Hi Sundy, I really appreciate you taking the time to read about GLA, and providing such thought-provoking comments.
While the program takes 30-40 minutes to complete, only about 15 minutes of that is the user answering multiple choice questions. The rest is watching our intro and reflection videos, reading the report, and journalling on what the user learned from each module. It's quite interactive and engaging based on our previous set of users who have gone through.
Your other question was about how often users receive one-to-one sessions with coaches. The intention is for this service to eventually be on-demand, whenever a student needs it. First, we'll have to see how many students will use something like this, and the frequency, so we can keep it economical for us and the customer.
Regarding the personalization of text-based career coaching, it's a fair concern. I've coached students a lot via text, and they seem to be fine with it. There's definitely times when we pick up the phone and chat, but overall it's much more effective then them booking a session, since they're so used to instant access to other things in their life (i.e. Netflix). Note our platform is a complement to career centres and their career coaches, rather than a substitute, so hopefully there will always be the regular option of booking a meeting and seeing a coach in person.
Great idea about approaching the army. I'm definitely going to look into this one, as I know many young veterans have some challenges figuring out what to do after their time of service.
Hi Dan-Ah, it's always invaluable hearing from current students - so thank you for taking the time to read about GLA and provide your comments. You hit the nail on the head when you said "Not all universities have the resources or connections to help students interested in very specific job functions." Our vision with the career coaching services is to have a large number of alumni from various job functions coaching students part-time, as well as an AI chatbot that would answer a lot of the questions we're getting the most frequently.
The results of the assessment, initially, are meant for the student. That's our primary focus right now, and perhaps down the road, we could start working with employers to select the right students - but I believe that's a whole separate thing. The goal is absolutely to help place students in the best careers, at the right companies, with the right culture and manager, so they can be effective and fulfilled with what they do.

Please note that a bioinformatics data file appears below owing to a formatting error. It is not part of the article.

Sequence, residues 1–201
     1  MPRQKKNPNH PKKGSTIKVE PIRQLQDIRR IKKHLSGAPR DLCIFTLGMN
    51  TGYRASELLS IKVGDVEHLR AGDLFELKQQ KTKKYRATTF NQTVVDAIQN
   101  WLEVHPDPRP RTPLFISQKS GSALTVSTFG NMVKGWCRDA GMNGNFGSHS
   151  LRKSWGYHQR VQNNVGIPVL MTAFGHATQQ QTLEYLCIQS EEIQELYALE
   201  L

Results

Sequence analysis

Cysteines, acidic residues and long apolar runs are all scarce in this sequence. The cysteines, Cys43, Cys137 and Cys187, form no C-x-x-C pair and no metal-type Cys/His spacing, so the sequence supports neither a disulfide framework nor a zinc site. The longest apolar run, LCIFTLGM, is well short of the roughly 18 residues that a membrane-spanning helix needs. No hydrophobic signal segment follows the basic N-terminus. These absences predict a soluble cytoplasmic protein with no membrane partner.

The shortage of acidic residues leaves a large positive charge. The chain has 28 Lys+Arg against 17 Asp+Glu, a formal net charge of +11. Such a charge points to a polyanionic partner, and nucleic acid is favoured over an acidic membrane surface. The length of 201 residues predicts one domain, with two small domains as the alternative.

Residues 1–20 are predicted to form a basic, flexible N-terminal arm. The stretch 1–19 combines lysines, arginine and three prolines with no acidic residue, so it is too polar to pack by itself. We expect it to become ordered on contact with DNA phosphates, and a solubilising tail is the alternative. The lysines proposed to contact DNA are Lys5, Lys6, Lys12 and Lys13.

Hi Fahad, thanks for your comment and question. From my understanding of your situation, you've had friends who have chosen jobs because of a high salary, and many are left unsatisfied with the work they are doing. I'll tell you a little bit about why this happens. At GLA, we've found people have specific "needs" in their work. When you're in a situation where one or more of these needs is unmet for an extended period of time, it becomes disproportionately important - which is the worst time to be making decisions like what to do for a career.
As this relates to money, most students don't have an excessive amount of capital lying around. So, when the are living like this for a long period of time, their perceived "need" for money becomes disproportionately important to them. That's why many people decide to pursue a career with high-paying salaries, and don't consider many other factors, because their other needs are either currently being satisfied, or are overshadowed by their need for money.
Definitely one of the missions with this program is to help students who have "tunnel vision" for jobs with immediately high paying salaries, consider other options, where they will be more effective and fulfilled. In the long-run, this will often end in them making just as much - if not more - money than if they were in a role that wasn't a good fit for their talents or motivations.
We've done work for Venture for Canada, so I'll reach out to Venture for America as well. Thanks for the suggestion.